Why NGOs never fail

Ask any NGO workers about failures in their organisation, it’s likely they are going to struggle to come up with an answer. Especially if they are business development people, they probably won’t tell you about a failure. However, many NGOs fail, and often. But the way the system is constructed doesn’t allow for the concept of failure. No, NGOs don’t fail, they learn lessons.

Don’t mention the F-word

Most NGOs depend on funding from their donors. Whether it comes from big international organisations or individuals, NGOs must show that they are doing ‘good things’ with the money they have been given. But there is something really nice about the phrase ‘good things’ – it’s incredibly vague. So are often the commitments of NGOs. If you say that you commit to build the capacity of 200 women in business skills; that sounds like a real thing. Yet often it’ll be measured in the number of people attending a course – rarely in measuring the actual capacities of the women – and even when they measure it, academic rigour isn’t always the norm.

When you depend on showing results to keep your business going, but results are really difficult and therefore really expensive to get, making your results vague is a good way to continue getting funding for the work you believe is doing good.

If you are being vague as to what you want to achieve, chances are you’ll be able to write a positive report regardless of what happened. If your vague results really aren’t great, then you are going to do what the NGO sector loves: you’re going to learn lessons. But make sure they are lessons you have overcome or are in the process of overcoming.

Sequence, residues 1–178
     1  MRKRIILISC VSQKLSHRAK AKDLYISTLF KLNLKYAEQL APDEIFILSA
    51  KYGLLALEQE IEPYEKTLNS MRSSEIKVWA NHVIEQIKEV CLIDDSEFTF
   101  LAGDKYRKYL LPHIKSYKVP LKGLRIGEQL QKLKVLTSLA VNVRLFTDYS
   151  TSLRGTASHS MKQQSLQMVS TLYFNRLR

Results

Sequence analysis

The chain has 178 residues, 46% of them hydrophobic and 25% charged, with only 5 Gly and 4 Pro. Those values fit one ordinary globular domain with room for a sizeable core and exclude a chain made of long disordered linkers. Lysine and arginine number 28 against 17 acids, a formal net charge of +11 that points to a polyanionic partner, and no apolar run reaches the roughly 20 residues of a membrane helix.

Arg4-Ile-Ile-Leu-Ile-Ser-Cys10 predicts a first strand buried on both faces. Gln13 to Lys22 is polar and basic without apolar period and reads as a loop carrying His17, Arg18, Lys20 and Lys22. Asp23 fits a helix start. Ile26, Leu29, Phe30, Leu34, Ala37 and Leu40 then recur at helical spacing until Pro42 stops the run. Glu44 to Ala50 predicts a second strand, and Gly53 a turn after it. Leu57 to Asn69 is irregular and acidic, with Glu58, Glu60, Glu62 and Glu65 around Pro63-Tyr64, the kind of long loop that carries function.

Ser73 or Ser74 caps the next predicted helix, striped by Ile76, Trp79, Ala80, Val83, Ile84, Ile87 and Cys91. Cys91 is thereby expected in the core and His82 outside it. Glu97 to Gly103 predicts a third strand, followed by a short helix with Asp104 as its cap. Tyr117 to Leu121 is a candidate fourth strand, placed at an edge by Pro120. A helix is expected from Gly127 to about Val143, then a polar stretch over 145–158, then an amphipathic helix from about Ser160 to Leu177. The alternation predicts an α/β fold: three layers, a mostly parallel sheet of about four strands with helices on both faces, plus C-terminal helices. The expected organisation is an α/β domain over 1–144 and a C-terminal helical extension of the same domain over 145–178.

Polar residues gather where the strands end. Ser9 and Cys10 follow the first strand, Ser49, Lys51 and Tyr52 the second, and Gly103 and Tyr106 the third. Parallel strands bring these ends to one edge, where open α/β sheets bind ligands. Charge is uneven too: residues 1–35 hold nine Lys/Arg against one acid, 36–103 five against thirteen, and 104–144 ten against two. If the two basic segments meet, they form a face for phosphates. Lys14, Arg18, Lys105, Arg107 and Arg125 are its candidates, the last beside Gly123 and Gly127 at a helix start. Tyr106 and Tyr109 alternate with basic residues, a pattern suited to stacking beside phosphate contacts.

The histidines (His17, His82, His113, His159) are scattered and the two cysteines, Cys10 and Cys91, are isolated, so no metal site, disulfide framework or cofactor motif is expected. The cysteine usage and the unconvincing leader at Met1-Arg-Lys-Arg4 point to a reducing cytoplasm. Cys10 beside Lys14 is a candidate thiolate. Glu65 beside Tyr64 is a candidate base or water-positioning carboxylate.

The increasing pressure – both financial and political – on NGOs means that they are cutting corners. Don’t get me wrong, they are still pursuing their good work –  this is in no form a critique as to what NGOs are doing (that’s for another time!). This is simply a critique of the reporting and accountability mechanisms.

If an NGO fails in a project – e.g. doesn’t meet its expected target – they will be worried about getting further funding. To ensure that more funding is secured, they won’t frame it as a failure. They will instead explain the reasons they didn’t achieve what they wanted and explain how they adapted their programme or will change further programmes. And it’s true. Military coups happen, floods happen, ebola outbreaks happen (these are all real examples).

However, a lot of the time, the reason why NGOs don’t meet their targets is because they set unreasonable goals. More and more NGOs compete so they have to overpromise to get a grant – and it’s easier to ask forgiveness than it is to get permission to reduce your targets. Forgiveness is also a lot easier to ask for when you’re learning lessons from your mistakes.

Why failure can be a good thing (even if society is saying it can’t)

The start-up sector is all about ‘failure’ – if you haven’t failed once, can you really call yourself an ‘entrepreneur’? Of course you can, but the start-up sector is well known for learning from its mistakes. Quick product development cycles means quick shipping, means quick failing means quick re-building – all very lean.

For people outside the sector may have difficulty understanding the value of failure, because it’s engrained in our society that failure is bad –


I can tell which Mum I’d prefer…

I think we need to revisit the whole structure of the NGO sector. Accept that failure is ok – but constant mediocrity is not. I don’t think that investing more in evaluation is necessarily the solution, because it only means that for every million you spend on a project, you pay a million and a half on an academic study. I may be exaggerating here, as I don’t have the exact figures. However, what is key is that it’s not simply a question of evidence – it’s about how donors allocate money, how NGOs work together and how much duplication could be avoided if the NGO sector wasn’t a political competition for resources but rather a concerted effort for creating good in the world.


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